Simone Biles spent a portion of the night before her return to world championships in the hospital. The sensation she chalked up to the usual pre-meet stress evolved into searing agony that at times left her crawling on the floor.
When a CT scan revealed a kidney stone — one she nicknamed “the Doha Pearl” — the reigning Olympic gymnastics champion grabbed her stuff and discharged herself from the hospital, telling the staff she’ll deal with the pain later.
“I heard rollercoasters might help kidney stones,” Biles said. “And I’m like ‘Well, I’m basically like my own little rollercoaster out there.’”
One that turns each performance into a thrill ride of its own. Smiling through each twist, flip and turn, the 21-year-old Biles was nearly flawless during qualifying, posting the highest scores on balance beam, floor exercise and vault on her way to a total of 60.965 on a day when the Americans put up a team score of 174.429, a staggering 12 points clear of second-place Japan through six of 11 qualifying groups.
“She’s Simone,” US high performance coordinator Tom Forster said. “You’d expect the same out of a Michael Jordan or a Tiger Woods and that’s who she is in our sport. And she showed it.”
Even though she didn’t get back to the hotel room she shares with team-mate Riley McCusker until after 1 am. Even after skipping the early workout as a precaution. Even though she couldn’t be treated with the same pain medication typically given those dealing with kidney stones because doing so would put her in jeopardy of failing a drug test – it didn’t matter. Biles did what she always seems to do when the rest of her sport is watching: She dominated.
Her all-around total marked the highest in the world since her gold medal-winning total at the 2016 Summer Olympics. And still she sees room for improvement.
Asked what she’d give herself on a day she completed a vault in competition that will end up bearing her name the next time the code of points is updated, Biles shrugged and said “6 or 7.”
Not bad considering Biles was initially concerned she had appendicitis, which would have forced her to sit out the competition entirely. Instead it’s “just” a kidney stone, albeit one Biles believes she won’t be able to pass, meaning she’s going to have to deal with it throughout a very busy week that will include team finals, the all-around final and all four event finals.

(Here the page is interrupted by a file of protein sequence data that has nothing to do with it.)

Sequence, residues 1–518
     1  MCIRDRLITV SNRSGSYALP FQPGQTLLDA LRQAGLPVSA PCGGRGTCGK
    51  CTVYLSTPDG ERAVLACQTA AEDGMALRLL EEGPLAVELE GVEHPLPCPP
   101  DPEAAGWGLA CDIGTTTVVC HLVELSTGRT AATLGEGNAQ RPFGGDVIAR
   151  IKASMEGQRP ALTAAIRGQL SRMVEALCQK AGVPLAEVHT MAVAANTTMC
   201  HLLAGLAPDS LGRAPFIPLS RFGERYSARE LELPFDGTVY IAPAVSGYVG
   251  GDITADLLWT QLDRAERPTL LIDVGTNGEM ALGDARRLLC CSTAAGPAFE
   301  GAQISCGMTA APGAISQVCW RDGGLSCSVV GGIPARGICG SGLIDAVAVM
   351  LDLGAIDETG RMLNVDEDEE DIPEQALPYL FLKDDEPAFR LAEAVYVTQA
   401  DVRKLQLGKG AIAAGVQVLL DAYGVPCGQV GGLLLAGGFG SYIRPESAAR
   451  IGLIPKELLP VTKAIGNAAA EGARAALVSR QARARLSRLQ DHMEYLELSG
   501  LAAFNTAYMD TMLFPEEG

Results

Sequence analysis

Biles believes she’ll be fine. Even if she’s not quite 100 percent, the gap between herself and the rest of the world is so sizable it might not matter. She finished more than four points ahead of teammate and 2017 world champion Morgan Hurd, whose score of 56.465 edged Japan’s Mai Murakami for second halfway through qualifying and assured Hurd of a spot in the finals.
The public address system played a bell akin to the start of a boxing match when the US headed to uneven bars. What happened over the next 90 minutes was the gymnastics version of a technical knockout. Hurd led off with a 14.466 that seemed to send a message that while the faces with the stars-and-stripes leotards change, the expectations and results do not.
“There’s clearly a lot of pressure there,” Hurd said. “How many world championships has the U.S. won? We have to keep the pedestal.”
Looking for a way to give McCusker, Grace McCallum and Kara Eaker — each of whom is making their world championship debut — a breather before stepping onto the podium, Forster opted to have Hurd lead off in three of the four events. Forster called the move a “gut feeling,” one Hurd eagerly accepted.
“It honestly makes me a little less nervous because I have less time to get even more anxious,” said Hurd, who hardly looked nervous while qualifying for event finals on floor exercise and uneven bars.
McCallum competed in three of four events, and her 14.6 on vault probably earned her a berth in the event finals. Kara Eaker, who turns 16 next month, drilled a 14.466 on balance beam and McCusker overcame a stumble on beam that she admitted left her “frazzled” to finish fifth in the all-around.
McCusker, however, won’t qualify for the all-around finals thanks to the rules that limit countries to two athletes per event in the individual competition. Still, she’ll be part of the team final, and extending the U.S. win streak — the Americans have won every major international competition since the 2011 world championships — has always been the focal point.
“We all have different qualities that we can bring to the team,” McCusker said. “We can all shine in different places.”
Or, in the case of Biles, every place.
She’s intent on pushing the sport forward, and her astounding opening vault — a roundoff, half-twist onto the table, front double full off that has only previously been done in competition by men — sent a jolt through the crowd. More importantly to Biles, the vault will carry her name when it’s added to the code next month.
Another remarkable step in a remarkable career that keeps rolling no matter what her body throws at her.